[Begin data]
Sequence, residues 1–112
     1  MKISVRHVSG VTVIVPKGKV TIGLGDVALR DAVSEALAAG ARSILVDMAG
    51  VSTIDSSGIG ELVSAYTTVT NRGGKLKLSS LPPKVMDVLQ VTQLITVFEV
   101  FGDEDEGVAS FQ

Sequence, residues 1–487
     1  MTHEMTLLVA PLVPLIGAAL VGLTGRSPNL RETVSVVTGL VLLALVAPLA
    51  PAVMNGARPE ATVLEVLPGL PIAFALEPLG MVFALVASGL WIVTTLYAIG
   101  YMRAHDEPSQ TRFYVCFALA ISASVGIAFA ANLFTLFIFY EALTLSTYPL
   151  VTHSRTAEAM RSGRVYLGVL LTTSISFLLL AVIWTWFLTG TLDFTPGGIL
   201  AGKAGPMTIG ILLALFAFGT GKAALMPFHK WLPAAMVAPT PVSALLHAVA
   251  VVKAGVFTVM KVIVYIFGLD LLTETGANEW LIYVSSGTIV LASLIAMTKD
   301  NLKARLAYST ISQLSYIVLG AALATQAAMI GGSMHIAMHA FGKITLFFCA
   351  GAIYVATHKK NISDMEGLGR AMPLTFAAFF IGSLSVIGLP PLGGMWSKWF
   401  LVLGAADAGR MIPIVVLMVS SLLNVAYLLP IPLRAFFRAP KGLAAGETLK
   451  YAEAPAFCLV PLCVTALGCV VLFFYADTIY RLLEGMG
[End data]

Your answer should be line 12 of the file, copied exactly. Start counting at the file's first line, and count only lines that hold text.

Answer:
   301  NLKARLAYST ISQLSYIVLG AALATQAAMI GGSMHIAMHA FGKITLFFCA